In 1965, at the age of 17, Touré left the newly founded republic of Mali, and travelled to the capital of its former colonizer, France, to work in the car industry, underpaid and with an unsustainable number of working hours. After purchasing a small Kodak Retinette, he started to document the precarious working and living conditions of migrant workers and their struggles. In 1975/76 he and several members of the independent Association Culturel des Travailleurs Africains (Cultural Association of African Workers) decided to engage in farming in the region of Haute-Marne. In 1977, Touré along with fourteen former activist migrant workers founded the agricultural cooperative Somankidi Coura on the shore of the Senegal River. They decided to propose an alternative way of thinking and subsistence agriculture (une agriculture vivrière/ouvrier) meant to provide alimentary self-sufficiency. Somankidi Coura has and is driven by a strong socialist ideal of self-sustainment, inter-dependence and connectedness. Today, the cooperative is run by around five hundred people representing an extraordinary example of agriculture as a site of resistance, including cooperatives that generate healthy rural self-organised communities. The local school building houses Touré’s photographic archive of Somankidi Coura’s development throughout the decades, to inspire other communities in building new planetary alternatives based on practices of soil care. Sowing Somankidi Coura: A Generative Archive is a long-term research endeavour by the French artist Raphaël Grisey in collaboration with Bouba Touré and other co-founders of the cooperative around the permacultures and archives of Somankidi Coura.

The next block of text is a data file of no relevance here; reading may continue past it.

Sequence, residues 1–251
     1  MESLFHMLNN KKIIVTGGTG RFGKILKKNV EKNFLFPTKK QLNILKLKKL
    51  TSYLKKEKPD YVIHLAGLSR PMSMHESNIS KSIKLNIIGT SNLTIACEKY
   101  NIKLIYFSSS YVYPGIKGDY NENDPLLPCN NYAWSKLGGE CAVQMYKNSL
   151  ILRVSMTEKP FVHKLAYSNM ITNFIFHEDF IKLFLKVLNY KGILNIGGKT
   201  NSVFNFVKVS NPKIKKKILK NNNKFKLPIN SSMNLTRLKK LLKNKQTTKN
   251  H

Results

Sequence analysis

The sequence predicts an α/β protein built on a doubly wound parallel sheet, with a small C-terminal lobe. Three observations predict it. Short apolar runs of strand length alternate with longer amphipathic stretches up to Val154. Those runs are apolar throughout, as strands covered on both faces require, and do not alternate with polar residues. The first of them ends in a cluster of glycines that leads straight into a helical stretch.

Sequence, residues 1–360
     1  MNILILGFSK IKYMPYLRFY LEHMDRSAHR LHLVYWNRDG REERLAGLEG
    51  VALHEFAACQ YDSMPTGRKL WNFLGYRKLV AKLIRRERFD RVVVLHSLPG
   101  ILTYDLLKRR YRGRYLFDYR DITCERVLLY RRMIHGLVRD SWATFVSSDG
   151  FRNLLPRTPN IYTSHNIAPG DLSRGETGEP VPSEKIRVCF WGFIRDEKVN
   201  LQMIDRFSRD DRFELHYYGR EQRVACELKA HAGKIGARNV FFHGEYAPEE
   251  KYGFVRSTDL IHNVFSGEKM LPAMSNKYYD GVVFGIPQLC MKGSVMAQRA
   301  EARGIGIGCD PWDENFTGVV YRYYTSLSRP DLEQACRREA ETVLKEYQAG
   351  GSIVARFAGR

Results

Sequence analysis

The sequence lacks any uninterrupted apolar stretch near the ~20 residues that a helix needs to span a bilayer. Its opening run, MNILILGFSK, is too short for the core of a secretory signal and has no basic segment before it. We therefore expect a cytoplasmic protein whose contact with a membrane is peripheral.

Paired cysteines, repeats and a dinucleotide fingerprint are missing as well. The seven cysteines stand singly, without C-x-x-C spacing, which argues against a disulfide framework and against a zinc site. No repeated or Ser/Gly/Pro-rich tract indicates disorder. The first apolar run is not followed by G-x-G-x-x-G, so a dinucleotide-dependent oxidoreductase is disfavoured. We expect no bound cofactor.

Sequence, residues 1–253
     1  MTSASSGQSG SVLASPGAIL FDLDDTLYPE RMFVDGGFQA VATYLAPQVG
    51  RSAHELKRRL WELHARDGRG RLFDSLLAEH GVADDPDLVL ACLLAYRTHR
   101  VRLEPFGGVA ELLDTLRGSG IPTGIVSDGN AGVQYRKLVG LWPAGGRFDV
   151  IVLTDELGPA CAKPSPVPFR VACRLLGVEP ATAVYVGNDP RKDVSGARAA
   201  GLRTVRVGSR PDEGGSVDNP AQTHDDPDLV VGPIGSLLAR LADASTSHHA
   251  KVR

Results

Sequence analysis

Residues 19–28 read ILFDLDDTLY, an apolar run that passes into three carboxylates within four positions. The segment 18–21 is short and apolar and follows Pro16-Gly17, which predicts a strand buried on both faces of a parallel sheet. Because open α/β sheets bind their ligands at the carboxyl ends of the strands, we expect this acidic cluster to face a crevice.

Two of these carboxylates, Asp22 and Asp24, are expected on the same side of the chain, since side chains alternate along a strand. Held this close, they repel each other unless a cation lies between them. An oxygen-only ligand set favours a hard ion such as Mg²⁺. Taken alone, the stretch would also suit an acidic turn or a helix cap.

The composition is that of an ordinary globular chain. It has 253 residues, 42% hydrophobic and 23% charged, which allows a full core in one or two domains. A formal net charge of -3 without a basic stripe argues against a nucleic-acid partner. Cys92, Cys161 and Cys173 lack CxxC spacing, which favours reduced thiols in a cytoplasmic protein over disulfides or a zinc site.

"This theatre play traces my life in the village and my life as a migrant. What are the reasons that push young Africans to quite their environment? They are identical for all the youth from Senegal, Mali, Mauritania or from the Senegal river banks. This theatre play hasn’t been written in order to accuse anybody. But simply in order to inform to better react."